WESTERN TURBINE BEST PRACTICES: Orange Cogen

Low-cost thermal imaging camera aids operators during rounds

Orange Cogeneration

Owned by Northern Star Generation
Operated by Consolidated Asset Management Services LLC
104 MW, gas-fired 2 × 1 combined-cycle cogeneration plant powered by DLN-equipped LM6000 engines, located in Bartow, Fla
Plant manager: Allen Czerkiewicz

Challenge. Orange Cogeneration exports power to the local utility and sells steam from its condensing/extraction steam turbine to an orange-juice plant and an ethanol plant across the street for process use. Plant reliability is important.

Like many plants today, Orange Cogen owns a thermal camera for use by technicians in troubleshooting and inspecting various mechanical and electrical issues that present symptoms as thermal gradients.

These cameras are precise and can measure very high temperatures, but they are also expensive and cannot be treated roughly by inexperienced or less than fully trained users.

Solution. Orange Cogen personnel found a small plug-in thermal camera, made by FLIR® Systems Inc, that does not have the full capabilities of the company’s more sophisticated models but offers a wide usable range of detection and is relatively inexpensive (photos).

Although designed for attachment to a smart phone, Orange Cogen has mated it to an Android tablet which allows a very large display. Also incorporated into the plant’s assembly is a rugged tablet case that has a built-in strap allowing secure one-handed operation. The complete setup cost less than $650, allowing the purchase of multiple devices to outfit the operations staff.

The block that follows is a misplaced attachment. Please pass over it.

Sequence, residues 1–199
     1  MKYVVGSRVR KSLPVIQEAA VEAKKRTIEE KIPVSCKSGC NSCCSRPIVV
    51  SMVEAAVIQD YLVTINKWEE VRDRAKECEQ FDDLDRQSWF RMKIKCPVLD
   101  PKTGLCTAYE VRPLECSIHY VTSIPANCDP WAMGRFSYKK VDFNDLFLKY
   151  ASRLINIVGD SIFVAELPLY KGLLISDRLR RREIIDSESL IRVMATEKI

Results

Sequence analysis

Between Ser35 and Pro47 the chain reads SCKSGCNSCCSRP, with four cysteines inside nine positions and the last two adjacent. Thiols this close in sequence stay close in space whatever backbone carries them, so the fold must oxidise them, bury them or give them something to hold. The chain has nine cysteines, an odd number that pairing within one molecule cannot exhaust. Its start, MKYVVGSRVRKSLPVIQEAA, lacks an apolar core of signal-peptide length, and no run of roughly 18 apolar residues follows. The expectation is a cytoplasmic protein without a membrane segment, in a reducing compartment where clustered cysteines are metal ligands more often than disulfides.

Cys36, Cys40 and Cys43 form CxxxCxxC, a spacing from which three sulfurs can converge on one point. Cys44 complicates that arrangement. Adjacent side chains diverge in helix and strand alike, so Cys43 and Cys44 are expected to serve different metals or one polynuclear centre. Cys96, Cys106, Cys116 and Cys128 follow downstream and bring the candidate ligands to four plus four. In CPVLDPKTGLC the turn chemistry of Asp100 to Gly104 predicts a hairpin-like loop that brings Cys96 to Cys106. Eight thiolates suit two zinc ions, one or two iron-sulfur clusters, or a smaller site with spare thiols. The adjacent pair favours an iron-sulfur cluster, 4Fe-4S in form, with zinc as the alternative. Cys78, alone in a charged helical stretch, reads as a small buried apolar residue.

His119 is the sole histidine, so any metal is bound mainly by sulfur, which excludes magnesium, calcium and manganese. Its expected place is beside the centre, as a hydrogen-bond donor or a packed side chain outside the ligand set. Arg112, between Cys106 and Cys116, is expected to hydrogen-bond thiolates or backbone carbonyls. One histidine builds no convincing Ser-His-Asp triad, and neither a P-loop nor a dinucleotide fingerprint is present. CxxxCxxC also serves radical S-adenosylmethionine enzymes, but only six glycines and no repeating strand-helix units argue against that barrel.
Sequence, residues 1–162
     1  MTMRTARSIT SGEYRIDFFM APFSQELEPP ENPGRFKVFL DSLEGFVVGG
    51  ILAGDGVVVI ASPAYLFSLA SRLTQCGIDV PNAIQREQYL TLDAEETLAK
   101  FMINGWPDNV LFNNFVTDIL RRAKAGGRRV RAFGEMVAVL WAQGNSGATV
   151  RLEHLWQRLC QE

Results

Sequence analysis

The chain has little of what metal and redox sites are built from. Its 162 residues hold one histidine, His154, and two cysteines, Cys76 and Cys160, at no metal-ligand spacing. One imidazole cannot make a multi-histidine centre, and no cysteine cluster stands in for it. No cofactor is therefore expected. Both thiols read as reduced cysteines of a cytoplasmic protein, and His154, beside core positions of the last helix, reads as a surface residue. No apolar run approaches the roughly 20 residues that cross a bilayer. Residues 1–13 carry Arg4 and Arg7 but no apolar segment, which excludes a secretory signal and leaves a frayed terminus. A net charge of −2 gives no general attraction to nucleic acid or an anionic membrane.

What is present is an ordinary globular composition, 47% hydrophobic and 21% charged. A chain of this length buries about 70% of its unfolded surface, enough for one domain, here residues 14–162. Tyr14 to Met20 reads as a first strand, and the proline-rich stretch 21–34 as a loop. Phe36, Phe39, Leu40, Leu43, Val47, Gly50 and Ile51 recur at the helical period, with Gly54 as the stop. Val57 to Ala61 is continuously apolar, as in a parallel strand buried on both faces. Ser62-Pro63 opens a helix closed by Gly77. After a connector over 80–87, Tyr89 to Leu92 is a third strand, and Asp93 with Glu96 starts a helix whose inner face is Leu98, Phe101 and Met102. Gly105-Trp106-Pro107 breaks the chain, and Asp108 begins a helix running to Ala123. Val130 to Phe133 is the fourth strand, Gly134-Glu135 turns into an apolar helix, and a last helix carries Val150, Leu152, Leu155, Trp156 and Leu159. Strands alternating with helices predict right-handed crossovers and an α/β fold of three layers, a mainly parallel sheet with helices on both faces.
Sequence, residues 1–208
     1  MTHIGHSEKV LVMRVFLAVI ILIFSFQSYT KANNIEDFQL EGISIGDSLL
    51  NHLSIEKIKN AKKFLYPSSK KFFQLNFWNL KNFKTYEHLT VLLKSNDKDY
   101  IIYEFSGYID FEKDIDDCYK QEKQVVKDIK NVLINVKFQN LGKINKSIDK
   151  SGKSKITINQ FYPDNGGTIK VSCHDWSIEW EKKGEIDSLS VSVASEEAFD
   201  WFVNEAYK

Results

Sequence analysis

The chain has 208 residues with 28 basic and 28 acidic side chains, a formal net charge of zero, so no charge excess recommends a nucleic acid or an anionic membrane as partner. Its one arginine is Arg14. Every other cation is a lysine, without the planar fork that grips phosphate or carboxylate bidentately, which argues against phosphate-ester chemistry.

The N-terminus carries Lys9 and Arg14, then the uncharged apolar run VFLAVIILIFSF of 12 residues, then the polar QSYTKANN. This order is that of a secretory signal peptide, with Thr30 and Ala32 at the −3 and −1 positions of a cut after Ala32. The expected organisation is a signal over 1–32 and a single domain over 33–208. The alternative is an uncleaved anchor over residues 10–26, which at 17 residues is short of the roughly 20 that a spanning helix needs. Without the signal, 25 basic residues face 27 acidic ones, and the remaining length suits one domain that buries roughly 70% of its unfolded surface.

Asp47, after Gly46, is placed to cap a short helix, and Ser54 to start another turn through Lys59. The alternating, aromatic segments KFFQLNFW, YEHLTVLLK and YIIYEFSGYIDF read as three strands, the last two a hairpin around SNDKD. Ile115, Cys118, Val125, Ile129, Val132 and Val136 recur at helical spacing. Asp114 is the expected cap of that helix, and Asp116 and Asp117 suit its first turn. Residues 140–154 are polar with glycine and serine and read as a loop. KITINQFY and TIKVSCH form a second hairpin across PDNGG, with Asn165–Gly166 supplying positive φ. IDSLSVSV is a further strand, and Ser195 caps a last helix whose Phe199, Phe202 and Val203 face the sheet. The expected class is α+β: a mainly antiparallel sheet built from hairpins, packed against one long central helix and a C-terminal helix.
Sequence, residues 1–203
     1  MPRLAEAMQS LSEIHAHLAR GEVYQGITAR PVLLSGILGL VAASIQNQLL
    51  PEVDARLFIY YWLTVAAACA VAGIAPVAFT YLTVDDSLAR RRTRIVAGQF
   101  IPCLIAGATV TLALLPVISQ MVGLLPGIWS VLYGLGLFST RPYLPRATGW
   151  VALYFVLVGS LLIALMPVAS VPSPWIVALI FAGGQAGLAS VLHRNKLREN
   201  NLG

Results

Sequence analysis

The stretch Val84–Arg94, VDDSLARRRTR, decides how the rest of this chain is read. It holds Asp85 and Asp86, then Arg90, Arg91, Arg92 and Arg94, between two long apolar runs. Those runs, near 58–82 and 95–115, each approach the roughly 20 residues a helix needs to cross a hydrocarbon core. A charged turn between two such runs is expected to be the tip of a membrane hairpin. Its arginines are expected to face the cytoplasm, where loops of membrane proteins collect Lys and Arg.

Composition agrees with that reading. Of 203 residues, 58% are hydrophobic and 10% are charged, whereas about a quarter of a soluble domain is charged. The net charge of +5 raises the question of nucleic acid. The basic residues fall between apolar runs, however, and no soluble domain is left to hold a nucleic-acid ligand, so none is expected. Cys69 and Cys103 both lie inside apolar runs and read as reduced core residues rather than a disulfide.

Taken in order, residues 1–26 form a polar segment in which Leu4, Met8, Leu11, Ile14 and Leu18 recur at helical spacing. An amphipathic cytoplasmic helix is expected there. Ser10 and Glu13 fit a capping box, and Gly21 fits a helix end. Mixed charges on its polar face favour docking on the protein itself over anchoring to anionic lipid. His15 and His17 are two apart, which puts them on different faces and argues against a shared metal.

Results. Using this device on normal rounds, operators have found hot spots in the HRSG outer casings, motor bearings that have begun to get hotter than expected, as well as electrical contacts that have become hotter than neighboring phases because of higher electrical resistance. This device also allows the easy capture and sharing of pictures of these identified issues so that follow up with the more advanced unit, if required, can be quickly made.

Best of all, although this system appears to be rugged and the plant has not encountered any issues in operation, management is comfortable knowing that if the unit gets damaged, it will not be too significant a financial burden if replacement is required.

Having this preventive-maintenance tool handy for the operations staff allows personnel to get ahead of any issues that show themselves through thermal variances and gives us an improved predictive approach to Orange Cogen’s maintenance activities.

Project participants:

Allen Czerkiewicz, plant manager

Joe Shaffer and Lee Bland, maintenance managers

Jason Wolfe and Jason Leverette, operations managers